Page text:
With the rise of Twitter, LinkedIn, Facebook and other social media platforms, the line between personal and professional life is becoming more unclear.
Nearly two in three (64%) HR Directors in Hong Kong surveyed by finance and accounting specialist recruitment firm Robert Half indicated that that they feel comfortable being “friended” or connecting on social media with their bosses, or their colleagues (85%).
“The survey findings suggest that social media platforms, such as Facebook, are no longer only used for personal connection with family and friends, but are increasingly important for professional networking as well," says Pallavi Anand, Director of Robert Half in Hong Kong. "As some industries or companies are more engaged in digital networking than others, one can take cue from others before sending out “friend” requests.
It is also important to focus on activities that are business-related. For example, one may write a post about a new accounting mobile application that he or she has been testing at work, tweet links to articles on finance and accounting trends, or use Facebook to connect with a contact who will attend the same seminar event as. These activities can help to boost one’s professional reputation, grow his or her network and advance the career.”
When asked about the comfort level of being “friended” on Facebook by people they manage, 73% of the respondents said they are either very comfortable or somewhat comfortable.
“With the lines between professional and personal life becoming more blurred, it is important to give careful consideration on social media interaction as inappropriate online behavior could harm one’s professional image. Creating separate profiles for social and professional purposes could be an option to consider for keeping one’s Facebook profile away from the public eye,” Anand adds.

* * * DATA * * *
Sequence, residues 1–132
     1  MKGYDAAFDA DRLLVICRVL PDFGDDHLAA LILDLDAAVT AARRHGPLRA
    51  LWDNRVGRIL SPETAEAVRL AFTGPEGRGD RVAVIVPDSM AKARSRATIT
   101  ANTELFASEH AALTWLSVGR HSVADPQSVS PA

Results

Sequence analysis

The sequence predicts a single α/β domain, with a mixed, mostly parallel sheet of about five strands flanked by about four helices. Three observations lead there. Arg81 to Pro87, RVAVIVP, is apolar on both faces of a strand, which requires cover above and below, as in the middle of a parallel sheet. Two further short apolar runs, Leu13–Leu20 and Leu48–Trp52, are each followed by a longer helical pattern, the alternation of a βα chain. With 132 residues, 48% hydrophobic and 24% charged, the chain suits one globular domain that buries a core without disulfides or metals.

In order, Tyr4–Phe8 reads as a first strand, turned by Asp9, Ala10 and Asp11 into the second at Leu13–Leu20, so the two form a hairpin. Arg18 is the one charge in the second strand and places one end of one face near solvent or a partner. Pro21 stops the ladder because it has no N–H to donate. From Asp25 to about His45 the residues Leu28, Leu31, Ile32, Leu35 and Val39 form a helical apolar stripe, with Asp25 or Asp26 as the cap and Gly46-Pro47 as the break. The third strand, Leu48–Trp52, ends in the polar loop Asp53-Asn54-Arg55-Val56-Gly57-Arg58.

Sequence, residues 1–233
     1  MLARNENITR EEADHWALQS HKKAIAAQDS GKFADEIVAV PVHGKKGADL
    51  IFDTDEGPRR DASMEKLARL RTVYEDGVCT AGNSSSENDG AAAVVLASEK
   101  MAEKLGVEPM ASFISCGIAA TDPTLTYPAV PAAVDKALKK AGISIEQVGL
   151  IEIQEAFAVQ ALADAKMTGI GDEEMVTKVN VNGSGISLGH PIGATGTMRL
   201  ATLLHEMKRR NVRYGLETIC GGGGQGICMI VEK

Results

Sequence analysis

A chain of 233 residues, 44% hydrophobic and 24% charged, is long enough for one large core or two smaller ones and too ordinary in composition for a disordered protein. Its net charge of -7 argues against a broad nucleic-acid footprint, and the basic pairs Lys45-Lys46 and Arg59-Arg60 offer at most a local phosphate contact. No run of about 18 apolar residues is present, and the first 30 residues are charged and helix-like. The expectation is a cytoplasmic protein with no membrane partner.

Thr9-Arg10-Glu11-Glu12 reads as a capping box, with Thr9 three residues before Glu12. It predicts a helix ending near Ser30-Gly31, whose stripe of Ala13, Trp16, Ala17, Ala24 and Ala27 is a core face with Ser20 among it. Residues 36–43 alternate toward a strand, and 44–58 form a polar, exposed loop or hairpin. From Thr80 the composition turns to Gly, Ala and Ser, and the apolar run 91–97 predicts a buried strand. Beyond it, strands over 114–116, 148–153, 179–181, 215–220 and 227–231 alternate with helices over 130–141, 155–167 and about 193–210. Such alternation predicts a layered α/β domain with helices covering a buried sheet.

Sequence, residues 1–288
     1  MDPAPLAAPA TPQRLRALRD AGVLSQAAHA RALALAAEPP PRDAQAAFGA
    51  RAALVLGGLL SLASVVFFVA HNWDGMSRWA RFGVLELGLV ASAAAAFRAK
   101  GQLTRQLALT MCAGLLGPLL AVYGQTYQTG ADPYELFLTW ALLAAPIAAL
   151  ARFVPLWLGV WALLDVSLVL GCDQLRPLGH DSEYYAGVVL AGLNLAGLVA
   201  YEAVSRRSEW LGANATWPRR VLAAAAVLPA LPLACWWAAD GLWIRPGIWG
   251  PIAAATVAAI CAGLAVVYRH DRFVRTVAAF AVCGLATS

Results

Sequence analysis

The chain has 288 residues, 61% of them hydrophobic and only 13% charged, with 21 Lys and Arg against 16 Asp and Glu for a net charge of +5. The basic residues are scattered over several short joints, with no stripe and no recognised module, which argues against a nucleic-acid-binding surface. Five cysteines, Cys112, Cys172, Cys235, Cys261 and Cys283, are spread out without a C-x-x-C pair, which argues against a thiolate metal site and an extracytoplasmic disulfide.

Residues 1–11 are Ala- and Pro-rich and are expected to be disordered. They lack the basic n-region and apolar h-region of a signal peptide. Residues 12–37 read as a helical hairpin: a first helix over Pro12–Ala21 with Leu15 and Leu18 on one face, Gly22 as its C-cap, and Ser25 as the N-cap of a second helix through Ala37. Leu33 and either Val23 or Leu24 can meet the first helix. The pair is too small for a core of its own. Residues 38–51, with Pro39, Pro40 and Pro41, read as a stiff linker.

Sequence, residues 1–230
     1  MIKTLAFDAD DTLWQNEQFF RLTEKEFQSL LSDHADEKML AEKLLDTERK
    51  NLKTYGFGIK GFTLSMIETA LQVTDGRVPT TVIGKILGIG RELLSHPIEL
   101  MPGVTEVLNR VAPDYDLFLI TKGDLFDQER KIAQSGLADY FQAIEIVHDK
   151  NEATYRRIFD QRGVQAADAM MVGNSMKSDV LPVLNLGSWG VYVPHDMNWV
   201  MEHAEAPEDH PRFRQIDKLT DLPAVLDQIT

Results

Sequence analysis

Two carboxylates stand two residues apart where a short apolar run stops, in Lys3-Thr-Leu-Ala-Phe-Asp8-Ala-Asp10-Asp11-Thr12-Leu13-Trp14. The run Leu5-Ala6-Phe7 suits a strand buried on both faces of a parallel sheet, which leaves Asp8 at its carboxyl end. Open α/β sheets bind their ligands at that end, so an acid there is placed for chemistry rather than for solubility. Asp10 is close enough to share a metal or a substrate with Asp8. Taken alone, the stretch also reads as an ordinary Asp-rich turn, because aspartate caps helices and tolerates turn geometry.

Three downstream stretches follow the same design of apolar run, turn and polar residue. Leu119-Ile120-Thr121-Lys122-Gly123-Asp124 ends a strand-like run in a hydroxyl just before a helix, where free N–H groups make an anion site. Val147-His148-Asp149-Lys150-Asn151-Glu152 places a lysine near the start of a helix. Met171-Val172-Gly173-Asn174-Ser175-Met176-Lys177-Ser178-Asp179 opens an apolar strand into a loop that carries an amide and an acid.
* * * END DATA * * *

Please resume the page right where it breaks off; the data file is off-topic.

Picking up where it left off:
Anand also recommends the following on managing one’s social media presence at work:
· Respect the wall. If one does not want everyone in his or her network to read a post, do not put it on his or her wall, or anyone else’s wall. If there are any concerns about others seeing a comment, send an email or use Facebook’s messaging feature instead.
· Avoid venting. Some people continue to make the mistake of posting negative comments or gossiping about their employers, colleagues, or any other sensitive topics. Do not do it – chances are the wrong set of eyes will stumble upon the negative remarks.
· Ask before you tag. Check with people before tagging them in photos, especially if they might not appreciate it, and do not tag someone else’s photo with a business pitch unless permission has been sought.
· Heed company guidelines. Many companies have policies about how their employees use social media sites and present themselves online. It is wise to follow any such rules explicitly, as well as limit personal usage of social media at work.